Richie McCaw's epic All Blacks career has been captured in a lavish retrospective book by the former captain.
Titled Richie McCaw 148 as a nod to the record number of tests he played before retiring after last year's successful World Cup defence, the book features more than 500 photographs chronicling the inspiring skipper's entire All Blacks career.
McCaw has penned close to 50,000 words, detailing each of the tests he has played.
Produced by Mower Publications, the book weighs in at a hefty 3kg and devotes two pages to each of McCaw's tests, beginning withhis debut against Ireland in Dublinin 2001 and encompassing the 2011 and 2015 Rugby World Cup triumphs.
The three-time World Player of the Year also discusses the concussions and other injuries he suffered during his stellar career.
The book is on sale from today at $69.99.
Here, we publish an extract in which McCaw discusses his decision to retire after the 2015 World Cup final.
I always knew the day would come when I would have to hang up my boots. It's the one thing that is guaranteed when you are a professional rugby player, and I wanted it to be on my terms and at the right time. The question for me was when is the right time?
When playing for your country there is a huge amount of expectation, intensity and pressure. As an All Black you cannot afford to have an off day and it's not just about the game on Saturday. After a good performance I'd be in the changing room wanting to sit back, relax and enjoy the moment, but often my immediate thoughts would turn to the next week and I would think, I've got to do this all over again. This environment was what drove me and it also ensured I got to Saturday ready so I could pull on the jersey and enjoy the battle.
The final decision to retire came after my last game in 2015, but there was plenty of thought that went into it, especially throughout my final year. I could never get enough of the thrill of pulling on the jersey and running out in front of thousands of people, and that is what I will always miss.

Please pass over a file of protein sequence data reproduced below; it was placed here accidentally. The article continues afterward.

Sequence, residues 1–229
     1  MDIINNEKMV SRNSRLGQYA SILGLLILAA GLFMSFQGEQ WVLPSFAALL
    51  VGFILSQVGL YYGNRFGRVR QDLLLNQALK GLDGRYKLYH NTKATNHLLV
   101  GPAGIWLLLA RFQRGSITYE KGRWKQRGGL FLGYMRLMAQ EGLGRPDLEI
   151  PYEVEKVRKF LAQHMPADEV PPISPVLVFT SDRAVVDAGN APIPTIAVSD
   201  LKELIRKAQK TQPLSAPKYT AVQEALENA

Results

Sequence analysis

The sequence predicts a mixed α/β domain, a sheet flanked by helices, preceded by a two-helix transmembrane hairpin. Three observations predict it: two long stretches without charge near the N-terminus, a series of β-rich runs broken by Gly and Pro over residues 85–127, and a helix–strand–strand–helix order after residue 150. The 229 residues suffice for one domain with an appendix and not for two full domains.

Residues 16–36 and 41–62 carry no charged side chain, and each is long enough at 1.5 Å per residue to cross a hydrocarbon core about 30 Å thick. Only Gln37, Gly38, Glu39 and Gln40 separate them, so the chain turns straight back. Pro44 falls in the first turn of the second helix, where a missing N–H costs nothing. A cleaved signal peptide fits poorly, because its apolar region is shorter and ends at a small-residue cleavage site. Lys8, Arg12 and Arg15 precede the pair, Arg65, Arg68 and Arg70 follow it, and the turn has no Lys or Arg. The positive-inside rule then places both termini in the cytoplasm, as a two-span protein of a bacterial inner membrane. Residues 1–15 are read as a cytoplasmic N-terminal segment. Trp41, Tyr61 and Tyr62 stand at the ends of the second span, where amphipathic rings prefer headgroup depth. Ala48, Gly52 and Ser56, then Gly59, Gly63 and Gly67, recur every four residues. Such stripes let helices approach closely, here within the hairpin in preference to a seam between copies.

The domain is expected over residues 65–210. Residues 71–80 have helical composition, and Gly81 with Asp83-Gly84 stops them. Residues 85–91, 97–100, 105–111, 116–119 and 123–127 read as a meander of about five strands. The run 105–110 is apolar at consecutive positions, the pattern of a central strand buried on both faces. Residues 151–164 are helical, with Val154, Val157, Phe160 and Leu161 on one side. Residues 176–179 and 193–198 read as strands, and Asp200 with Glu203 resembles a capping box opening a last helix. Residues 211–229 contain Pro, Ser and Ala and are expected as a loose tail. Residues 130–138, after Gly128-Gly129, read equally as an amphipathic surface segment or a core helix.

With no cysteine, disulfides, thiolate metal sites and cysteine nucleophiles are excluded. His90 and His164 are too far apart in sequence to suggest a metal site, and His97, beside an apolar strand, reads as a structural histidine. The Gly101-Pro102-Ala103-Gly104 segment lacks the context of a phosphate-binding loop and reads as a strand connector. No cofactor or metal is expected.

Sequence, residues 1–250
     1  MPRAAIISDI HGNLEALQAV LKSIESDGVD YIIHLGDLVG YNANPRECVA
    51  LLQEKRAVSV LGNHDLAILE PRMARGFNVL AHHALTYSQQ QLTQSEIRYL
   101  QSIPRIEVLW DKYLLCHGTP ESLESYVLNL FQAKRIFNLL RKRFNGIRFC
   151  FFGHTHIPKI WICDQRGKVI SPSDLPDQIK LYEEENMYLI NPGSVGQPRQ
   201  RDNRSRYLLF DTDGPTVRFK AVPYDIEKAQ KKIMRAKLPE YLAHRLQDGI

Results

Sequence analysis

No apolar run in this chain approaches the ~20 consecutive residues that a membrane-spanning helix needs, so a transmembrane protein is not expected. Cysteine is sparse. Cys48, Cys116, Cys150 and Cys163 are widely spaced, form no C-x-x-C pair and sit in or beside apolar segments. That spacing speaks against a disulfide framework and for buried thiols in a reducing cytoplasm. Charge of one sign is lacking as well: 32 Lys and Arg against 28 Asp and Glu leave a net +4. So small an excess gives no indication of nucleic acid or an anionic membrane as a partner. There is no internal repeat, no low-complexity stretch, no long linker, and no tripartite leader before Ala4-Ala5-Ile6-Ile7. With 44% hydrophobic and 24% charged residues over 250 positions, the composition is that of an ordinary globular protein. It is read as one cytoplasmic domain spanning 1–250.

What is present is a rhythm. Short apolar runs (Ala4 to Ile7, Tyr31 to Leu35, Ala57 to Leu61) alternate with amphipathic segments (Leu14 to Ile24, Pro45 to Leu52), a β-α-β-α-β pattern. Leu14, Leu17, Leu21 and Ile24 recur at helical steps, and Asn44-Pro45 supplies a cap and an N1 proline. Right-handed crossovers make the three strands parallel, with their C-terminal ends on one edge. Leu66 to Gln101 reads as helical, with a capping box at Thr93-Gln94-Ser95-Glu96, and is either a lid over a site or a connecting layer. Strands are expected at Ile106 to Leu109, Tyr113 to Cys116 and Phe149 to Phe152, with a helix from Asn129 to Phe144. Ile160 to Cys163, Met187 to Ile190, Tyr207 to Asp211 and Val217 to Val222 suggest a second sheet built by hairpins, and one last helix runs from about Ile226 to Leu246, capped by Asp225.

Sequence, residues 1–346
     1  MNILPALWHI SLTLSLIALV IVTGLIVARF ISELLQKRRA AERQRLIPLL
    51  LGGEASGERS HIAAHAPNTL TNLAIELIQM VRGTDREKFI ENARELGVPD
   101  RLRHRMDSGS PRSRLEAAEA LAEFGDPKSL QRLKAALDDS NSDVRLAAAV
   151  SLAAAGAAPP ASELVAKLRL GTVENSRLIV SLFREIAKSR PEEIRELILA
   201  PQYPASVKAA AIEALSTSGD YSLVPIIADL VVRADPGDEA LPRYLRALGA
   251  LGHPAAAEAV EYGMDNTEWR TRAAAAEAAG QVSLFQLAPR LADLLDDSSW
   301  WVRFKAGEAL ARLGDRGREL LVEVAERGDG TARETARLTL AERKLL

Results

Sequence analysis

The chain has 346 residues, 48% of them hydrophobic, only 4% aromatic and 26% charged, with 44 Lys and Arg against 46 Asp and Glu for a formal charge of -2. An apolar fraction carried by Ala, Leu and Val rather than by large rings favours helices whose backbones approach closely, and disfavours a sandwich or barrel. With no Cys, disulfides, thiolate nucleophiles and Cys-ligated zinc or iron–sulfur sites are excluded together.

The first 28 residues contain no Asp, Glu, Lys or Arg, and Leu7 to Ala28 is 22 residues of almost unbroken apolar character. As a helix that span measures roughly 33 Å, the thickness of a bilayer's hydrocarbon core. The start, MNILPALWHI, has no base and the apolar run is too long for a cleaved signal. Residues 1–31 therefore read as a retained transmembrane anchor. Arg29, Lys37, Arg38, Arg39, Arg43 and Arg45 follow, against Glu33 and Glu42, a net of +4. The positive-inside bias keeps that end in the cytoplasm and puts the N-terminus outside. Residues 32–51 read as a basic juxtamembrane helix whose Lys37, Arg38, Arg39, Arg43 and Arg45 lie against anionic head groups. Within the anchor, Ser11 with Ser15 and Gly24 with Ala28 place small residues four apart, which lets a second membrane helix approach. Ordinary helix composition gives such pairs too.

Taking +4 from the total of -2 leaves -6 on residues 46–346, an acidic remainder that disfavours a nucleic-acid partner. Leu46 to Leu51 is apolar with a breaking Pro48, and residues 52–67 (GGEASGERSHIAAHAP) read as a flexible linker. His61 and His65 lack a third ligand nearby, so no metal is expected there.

However, there were odd moments throughout that year when the intensity and pressure that come each week started to get to me a little. Every team we played was desperate for an All Blacks scalp, and the effort required to be ready to play was getting harder.
I was lucky not to have many major injuries throughout my career but, like most players, I had my fair share of niggly ones to deal with. Early on they were relatively easy to manage as I was hungry to get back on the field and didn't let them get to me too much. Towards the latter part of my career, these same injuries became more frustrating and harder to deal with, and this also contributed to making the weeks tougher as time went on.
I've always believed that if my mind was in the right space my body would follow. During my final year there was the odd moment when I felt the desire and hunger starting to flicker. Although this didn't affect my performances, it was an indication that the time to make my decision would soon follow.
My final moment as an All Black was at Twickenham, and deep down I knew this was it. I remember thinking briefly after the final whistle, Jeez, this really is it. But that thought passed quickly and there was no way I was going to be sad. Instead, I embraced the occasion as I was determined to enjoy my final hours in the jersey.
Seeing my family after we had won was special. My partner Gemma, Mum and Dad, my sister Jo and her husband Sam had all made the trip over to watch the tournament. It was great having them there and being able to share the moment.
Then there was the jersey. I just didn't want to take it off. I knew once I did that would be the last time I'd ever wear it. I even walked across the car park to the press conference still in my full playing kit - boots and all. It seemed like a bit of a silly thing to do looking back, but I remember thinking, Who cares? This is my last time and I'm going to enjoy it for as long as I can.
When we were in the sheds celebrating, we all had a great time and those memories are something that will stay with me forever. The players who were leaving got up and spoke, and we were able to enjoy the moment and reflect on what we had achieved.
I have no regrets and no second thoughts. I am content in the knowledge that I have done the job as best I can and now it is someone else's time. I look back on this chapter hugely satisfied and have some great memories, but I am just as excited for what the next chapter holds and I will always cherish my time in the black jersey.
Richie McCaw 148
Published by Mower Books
(an imprint of Upstart Press), RRP $69.99